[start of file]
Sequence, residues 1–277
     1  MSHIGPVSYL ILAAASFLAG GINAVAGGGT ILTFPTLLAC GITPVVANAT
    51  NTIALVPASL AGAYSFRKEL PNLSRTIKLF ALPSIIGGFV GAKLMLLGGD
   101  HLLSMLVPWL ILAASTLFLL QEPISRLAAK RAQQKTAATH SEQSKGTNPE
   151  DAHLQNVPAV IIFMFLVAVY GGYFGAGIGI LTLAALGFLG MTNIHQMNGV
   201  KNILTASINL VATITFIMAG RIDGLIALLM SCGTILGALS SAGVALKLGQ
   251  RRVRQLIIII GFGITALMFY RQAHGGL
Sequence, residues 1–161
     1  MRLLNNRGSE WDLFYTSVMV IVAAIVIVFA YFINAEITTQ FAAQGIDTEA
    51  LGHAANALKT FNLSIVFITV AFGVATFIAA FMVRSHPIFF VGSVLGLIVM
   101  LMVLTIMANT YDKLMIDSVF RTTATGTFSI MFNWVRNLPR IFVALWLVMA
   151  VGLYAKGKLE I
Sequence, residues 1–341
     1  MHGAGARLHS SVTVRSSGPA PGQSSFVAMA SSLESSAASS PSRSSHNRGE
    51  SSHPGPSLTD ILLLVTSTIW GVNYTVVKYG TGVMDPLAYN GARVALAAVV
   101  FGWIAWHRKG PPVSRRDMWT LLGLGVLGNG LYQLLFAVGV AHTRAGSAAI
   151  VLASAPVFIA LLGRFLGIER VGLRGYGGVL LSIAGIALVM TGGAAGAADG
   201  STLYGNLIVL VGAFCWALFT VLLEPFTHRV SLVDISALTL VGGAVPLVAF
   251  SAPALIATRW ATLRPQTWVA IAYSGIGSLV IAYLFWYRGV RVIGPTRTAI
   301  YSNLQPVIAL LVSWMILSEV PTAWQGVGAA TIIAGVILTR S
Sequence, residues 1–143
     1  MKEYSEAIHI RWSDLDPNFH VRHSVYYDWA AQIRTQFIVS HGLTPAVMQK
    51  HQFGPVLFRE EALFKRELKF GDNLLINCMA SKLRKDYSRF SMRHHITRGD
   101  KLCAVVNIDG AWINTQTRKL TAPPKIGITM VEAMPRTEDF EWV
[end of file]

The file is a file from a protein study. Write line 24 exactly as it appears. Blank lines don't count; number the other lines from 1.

   101  KLCAVVNIDG AWINTQTRKL TAPPKIGITM VEAMPRTEDF EWV